To gardeners, Minnesota's weather always seems unpredictable. This spring, we've had a doozy. We started the season with a moisture deficit, which has only gotten worse for the southern half of the state, including the Twin Cities. Though perfect for picnics, the dry weather poses a major challenge for most of our garden and landscape plants. It affects everything from the smallest flowering annuals, which wilt easily, to our majestic shade trees, which are more prone to insect pests and diseases when stressed by drought.
When we have long dry spells, it's wise to set priorities for watering. First on the list should be young trees and shrubs that were planted in the past year or two. Water them thoroughly once or twice a week, depending on how hot it is. To help them retain moisture, mulch them with several inches of wood chips or shredded bark, starting an inch or so out from the trunk or stems and extending over the root area.
Newly seeded or sodded parts of the lawn are also a high priority for water. They require shallow, but frequent watering while their roots become established. Aim for twice daily at first, then gradually shift to deeper, less frequent watering as the roots grow stronger. Don't allow newly seeded or sodded grass to go dormant. It's not resilient enough to handle it.
Flowers and vegetables
More gardeners are growing their own vegetables this year, many for the first time. Vegetables need regular, deep watering not only for productivity, but to avoid misshapen or bitter-tasting produce. How often you water vegetables depends on the soil in which they're growing. In general, the sandier the soil, the more frequently you will have to water it. When you water, soak the soil to a depth of 6 to 8 inches. Don't wait to water until you see plants drooping. Repeated wilting can be very damaging.
Most flowering annuals need regular watering to maintain their good looks. Some - including moss rose (Portulaca), blue salvia (Salvia farinacea), flowering vinca (Catharanthus), gazania and California poppy - are more drought-tolerant than others.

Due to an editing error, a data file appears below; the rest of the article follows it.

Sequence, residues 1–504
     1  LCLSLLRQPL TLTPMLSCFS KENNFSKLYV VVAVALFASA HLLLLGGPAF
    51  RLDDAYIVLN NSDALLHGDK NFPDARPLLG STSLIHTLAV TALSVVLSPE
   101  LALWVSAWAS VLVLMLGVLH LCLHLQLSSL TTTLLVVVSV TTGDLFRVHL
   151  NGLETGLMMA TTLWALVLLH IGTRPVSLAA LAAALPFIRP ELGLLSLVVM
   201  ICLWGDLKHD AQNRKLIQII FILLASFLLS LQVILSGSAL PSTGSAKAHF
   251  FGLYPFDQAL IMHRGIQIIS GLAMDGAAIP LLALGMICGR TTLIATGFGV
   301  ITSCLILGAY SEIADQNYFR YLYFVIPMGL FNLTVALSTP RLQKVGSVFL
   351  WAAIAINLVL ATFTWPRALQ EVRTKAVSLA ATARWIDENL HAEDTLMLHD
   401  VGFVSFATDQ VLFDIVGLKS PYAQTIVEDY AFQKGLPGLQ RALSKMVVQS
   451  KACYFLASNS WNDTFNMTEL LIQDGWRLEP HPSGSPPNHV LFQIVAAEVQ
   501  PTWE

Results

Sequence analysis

On the other hand, perennials - especially those that are well-established - typically have deeper, more developed roots. That means you usually can wait longer between waterings.
Whether you're growing flowers or vegetables, adding a 2- to 3-inch layer of mulch will help conserve moisture, which will in turn keep the soil cooler and further reduce moisture lost to evaporation. When you're mulching vegetables or areas of the garden that are still developing, use straw, dried grass, chipped leaves or pine needles. You can use a more permanent mulch, such as wood chips, shredded bark or cocoa bean hulls, around perennials that won't be disturbed for a few years.
Before the early June rains, many lawns in the Twin Cities had already turned brown and crisp. It is possible to let your lawn go dormant, but not all grasses come out of dormancy well. Lawns containing common Kentucky bluegrass varieties withstand summer dormancy better than most newer "improved" bluegrass varieties. Also, while your grass may go dormant, many weeds don't. Tough weeds will continue to grow, making further inroads in your lawn.
Instead of risking dormancy, keep your lawn healthy by watering it regularly. When you water your lawn, you also water the feeder roots of nearby trees.
The best way to water is to soak the soil to a depth of about 6 inches (less if you have an automatic irrigation system and can run it every two or three days). Here's an easy test for when to water: If you walk on the lawn and your footprints in the grass don't spring back up, it's time to water.
When and how to water
It makes a difference when you water. It's most efficient to water early in the day, when temperatures are lower and winds are calmer. You can water at night, but plants will stay wet longer, which makes them more vulnerable to fungal and bacterial diseases. If you have sprinklers on an automatic timer, set them to start just before sunrise. Plants will dry rapidly once the sun comes up.
It doesn't hurt plants to water them in the heat of the day. In fact, it can help cool them. But it's not an efficient way to water because a large percentage of the water evaporates. So if your plants look droopy on hot afternoons, water lightly, then follow up with a thorough watering the next morning.
Try to water the soil rather than the plant itself. Soaker hoses and drip or trickle irrigation systems do a better job than sprinklers do in getting the water where it's most needed. Sprinklers, however, are far better than hand watering. It's difficult to deliver enough water to a lawn or garden when using a hose or a watering can.
Take care with container plants
In hot, windy weather, container plants can dry quickly. Water them in the morning when it's still relatively cool, and check them again in the late afternoon to see if they need to be watered again. Be sure to saturate the soil thoroughly by applying water until it runs through the containers' drain holes.
Frequent water can flush nutrients out of the soil, so you may need to fertilize more often. If you didn't use a potting soil with fertilizer in it or a slow-release fertilizer when you planted, add water-soluble fertilizer every two weeks if you're watering daily.
Deb Brown is a garden writer and former extension horticulturist with the University of Minnesota. To ask her a gardening question, call 612-673-7793 and leave a message. She will answer questions in this column only.